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Electroconvulsive Therapy for Status Epilepticus and a Genetic Diagnosis for Epilepsy and Renal Failure: UCSF Neurohospitalist Cases

One of the first of its kind, the UCSF Neurohospitalist Program specializes in caring for hospitalized patients with complex neurologic disorders. The team includes neurologists, neurosurgeons, neuroradiologists, neurointerventional radiologists and neuropathologists. “Our strength is interdisciplinary care,” said Vanja Douglas, MD, director and division chief of the Neurohospitalist Program. UCSF serves as a national referral center for patients with common, rare and difficult-to-diagnose neurologic conditions.

The following case examples illustrate how the team’s unparalleled clinical and scientific expertise results in outstanding patient care.

Electroconvulsive therapy for refractory status epilepticus

A 23-year-old woman who had a fever, cough and runny nose for five days went to her local emergency department when she began experiencing confusion. While in the ED, she developed status epilepticus and was intubated. After a month of hospitalization with refractory status epilepticus, she was transferred to UCSF, where she was seen by neurohospitalist team members, including Douglas and Manu Hegde, MD, PhD, neurologist and epileptologist.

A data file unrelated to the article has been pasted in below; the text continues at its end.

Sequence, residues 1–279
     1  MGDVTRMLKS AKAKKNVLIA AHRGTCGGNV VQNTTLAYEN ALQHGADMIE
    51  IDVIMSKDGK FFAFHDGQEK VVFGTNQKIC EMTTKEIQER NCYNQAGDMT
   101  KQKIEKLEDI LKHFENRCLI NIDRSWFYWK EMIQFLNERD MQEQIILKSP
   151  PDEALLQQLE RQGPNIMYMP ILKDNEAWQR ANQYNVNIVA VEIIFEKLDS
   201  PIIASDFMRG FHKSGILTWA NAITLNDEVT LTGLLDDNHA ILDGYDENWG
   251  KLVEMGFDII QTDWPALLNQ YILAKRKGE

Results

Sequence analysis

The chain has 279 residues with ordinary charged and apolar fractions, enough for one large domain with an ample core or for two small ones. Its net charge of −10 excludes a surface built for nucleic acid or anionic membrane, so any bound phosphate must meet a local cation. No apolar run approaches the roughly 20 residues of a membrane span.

When the patient arrived, an electroencephalogram (EEG) showed ongoing seizure activity and she was started on continuous video EEG monitoring. The team performed electroconvulsive therapy (ECT), which resulted in a remarkable resolution of her seizures. Soon after starting this therapy, she began responding and following commands. She recovered from status epilepticus and was discharged home a month later, with residual short-term-memory difficulty and intermittent seizures.  

“This was a very dramatic case, and a wonderful outcome for a disease with very high mortality,” Douglas said.

Genetic metabolic disorder identified as cause of epilepsy and renal failure

A 41-year-old man had developed epilepsy 10 years after a traumatic brain injury. Four years later, he’d begun experiencing rapidly progressive cognitive decline and renal failure requiring dialysis over a three-month period. He was brought to a local hospital, where he continued to have seizures and profound confusion.

The patient was transferred to UCSF, where the neurohospitalist team started him on continuous video EEG monitoring. Intermittent seizures were detected and treated. However, he continued to experience confusion disproportionate to his seizure activity.

The team consulted with UCSF metabolic genetics and nephrology specialists to help identify the cause of the patient’s epilepsy and end-stage renal disease through genetic testing. He was found to have cobalamin C deficiency, an inherited metabolic error that can cause epilepsy, cognitive decline and renal failure. The patient had elevated homocysteine and methylmalonic acid levels and was treated with hydroxocobalamin, betaine, folinic acid and levocarnitine.  He was discharged home and has been gradually recovering his cognitive function and participating in daily activities with his family.  

“We looked at the case holistically to understand the underlying basis of his end-stage renal disease, cognitive decline and epilepsy, an unusual combination of symptoms in a young man,” Douglas said. “We found a unifying genetic diagnosis that led to a considerable change in management and will impact his life significantly going forward.”

Neurology and neurosurgery research and treatment take place within the UCSF Weill Institute for Neurosciences.

To learn more

UCSF Neurohospitalist Program

Phone: (415) 353-9166 | Fax: (415) 353-9172

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